• Wed
  • Jul 23, 2014
  • Updated: 11:18pm

Taleban tales

PUBLISHED : Thursday, 03 March, 2005, 12:00am
UPDATED : Thursday, 03 March, 2005, 12:00am

Deborah Ellis had her first book for young adults published six years ago. Since then, she has won several literary awards in her native Canada.


She has been invited by the local branch of the Society for Children's Book Writers and Illustrators to conduct some sessions at this year's Man Hong Kong International Literary Festival from March 7 to 15.


Ellis is an author driven by passion and conviction. 'I write from the belief that people have a right to decide for themselves what kind of planet they're going to live on and that we have the power to take action to make that happen,' she says.


Following the success of her first book, Looking for X, about poverty and social deprivation in Toronto, Ellis spent several months in Afghan refugee camps in Pakistan and Russia talking with women and girls about their plight under Taleban rule in their native land.


The result was the Breadwinner trilogy. The books document the courage and fortitude of families - particularly the female members - struggling with economic, political and social hardships in the war-torn country.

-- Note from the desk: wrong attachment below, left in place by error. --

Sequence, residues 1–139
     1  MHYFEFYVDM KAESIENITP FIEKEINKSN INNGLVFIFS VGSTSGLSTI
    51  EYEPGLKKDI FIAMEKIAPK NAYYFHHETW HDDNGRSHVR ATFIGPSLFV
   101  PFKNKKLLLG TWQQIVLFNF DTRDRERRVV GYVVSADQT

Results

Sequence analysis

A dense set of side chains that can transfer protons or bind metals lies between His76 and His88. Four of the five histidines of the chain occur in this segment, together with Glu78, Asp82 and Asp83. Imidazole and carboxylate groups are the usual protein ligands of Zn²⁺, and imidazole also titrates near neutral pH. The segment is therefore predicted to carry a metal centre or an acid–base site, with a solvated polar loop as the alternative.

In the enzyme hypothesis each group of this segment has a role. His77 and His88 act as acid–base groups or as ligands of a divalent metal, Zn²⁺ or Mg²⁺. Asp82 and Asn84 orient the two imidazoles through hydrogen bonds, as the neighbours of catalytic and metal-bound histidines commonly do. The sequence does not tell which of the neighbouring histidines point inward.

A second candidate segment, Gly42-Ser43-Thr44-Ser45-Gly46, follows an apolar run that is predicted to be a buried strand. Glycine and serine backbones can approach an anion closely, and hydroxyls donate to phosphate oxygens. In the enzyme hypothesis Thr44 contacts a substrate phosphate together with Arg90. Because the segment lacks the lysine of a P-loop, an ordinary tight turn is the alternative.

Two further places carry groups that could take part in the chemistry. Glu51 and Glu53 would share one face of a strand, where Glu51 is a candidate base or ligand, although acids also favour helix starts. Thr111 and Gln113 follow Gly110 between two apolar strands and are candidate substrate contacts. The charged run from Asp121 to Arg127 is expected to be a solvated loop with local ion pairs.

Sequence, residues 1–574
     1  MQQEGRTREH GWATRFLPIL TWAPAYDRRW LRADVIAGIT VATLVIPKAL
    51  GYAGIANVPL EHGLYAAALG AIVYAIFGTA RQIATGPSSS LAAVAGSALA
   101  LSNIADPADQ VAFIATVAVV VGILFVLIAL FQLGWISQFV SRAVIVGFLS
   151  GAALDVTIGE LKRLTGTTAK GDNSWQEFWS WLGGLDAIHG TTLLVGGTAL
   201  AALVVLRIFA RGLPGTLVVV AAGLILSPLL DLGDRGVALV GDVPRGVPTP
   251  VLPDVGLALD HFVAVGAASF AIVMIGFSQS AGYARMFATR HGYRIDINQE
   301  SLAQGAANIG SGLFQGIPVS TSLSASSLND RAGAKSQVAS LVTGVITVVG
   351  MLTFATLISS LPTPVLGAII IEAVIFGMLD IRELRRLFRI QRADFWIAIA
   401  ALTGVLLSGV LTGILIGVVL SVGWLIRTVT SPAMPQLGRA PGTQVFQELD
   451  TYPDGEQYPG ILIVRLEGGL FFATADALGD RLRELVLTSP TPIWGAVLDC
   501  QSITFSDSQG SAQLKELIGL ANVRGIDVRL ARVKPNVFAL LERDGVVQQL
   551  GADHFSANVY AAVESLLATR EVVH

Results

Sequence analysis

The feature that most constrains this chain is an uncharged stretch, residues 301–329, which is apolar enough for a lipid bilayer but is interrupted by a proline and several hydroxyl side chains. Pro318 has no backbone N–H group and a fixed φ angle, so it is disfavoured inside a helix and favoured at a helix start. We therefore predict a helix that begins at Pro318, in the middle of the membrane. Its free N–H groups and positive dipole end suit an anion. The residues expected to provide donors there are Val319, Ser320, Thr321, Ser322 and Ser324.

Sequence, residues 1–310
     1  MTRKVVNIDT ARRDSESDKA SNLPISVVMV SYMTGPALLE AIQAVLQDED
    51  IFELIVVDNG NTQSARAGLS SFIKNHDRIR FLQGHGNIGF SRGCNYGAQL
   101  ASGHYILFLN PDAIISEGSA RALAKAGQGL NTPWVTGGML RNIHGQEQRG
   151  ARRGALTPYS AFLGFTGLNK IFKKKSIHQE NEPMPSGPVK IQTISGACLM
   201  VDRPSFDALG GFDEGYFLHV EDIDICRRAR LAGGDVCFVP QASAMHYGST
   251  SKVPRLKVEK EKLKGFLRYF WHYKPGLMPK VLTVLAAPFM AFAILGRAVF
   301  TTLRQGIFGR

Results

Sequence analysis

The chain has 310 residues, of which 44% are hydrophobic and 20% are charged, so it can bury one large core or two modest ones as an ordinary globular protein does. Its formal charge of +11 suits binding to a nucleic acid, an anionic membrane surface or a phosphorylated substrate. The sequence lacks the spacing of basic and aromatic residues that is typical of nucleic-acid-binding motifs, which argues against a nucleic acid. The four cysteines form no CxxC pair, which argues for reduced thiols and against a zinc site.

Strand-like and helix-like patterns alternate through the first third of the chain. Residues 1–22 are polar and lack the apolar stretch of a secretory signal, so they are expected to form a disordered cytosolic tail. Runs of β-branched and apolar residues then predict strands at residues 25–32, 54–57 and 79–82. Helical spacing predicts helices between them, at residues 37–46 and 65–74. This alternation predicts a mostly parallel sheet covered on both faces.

Ellis writes with compassion, but without unnecessary sentimentality, and her sensitive depiction of the lives of real people creates a more vivid picture of life than heavily-edited news coverage.


Her interest in female rights may have been a touchstone for much of her work, but she says she began writing about Parvana the main character of these books, 'because I thought it would be easier for me to do and that was the person who started talking to me in my head'.


Her next book was Company of Fools, a medieval tale set against the backdrop of Black Death, monks and choir boys. 'I didn't think I could write about boys until I did this book, which is all boys and men. And it is possibly my favourite of my books.'


Ellis does more than simply write about the plight of people in troubled parts of the world. Various organisations including Unicef and Street Kids International benefit form her generosity.


The proceeds from the Afghan books go to a group in Canada called Women for Women and fund small women's initiatives in Afghanistan and the refugee camps.


Ellis is convinced of the enormous power of the written word.


'History is made by the people who write it,' she says.


'And if people write their stories, it becomes a part of history, a very valuable document. I use [this idea] as a motivator for young people to get a sense of worth and importance for what they write.'


She considers herself lucky to be able to combine her beliefs and her love of writing.


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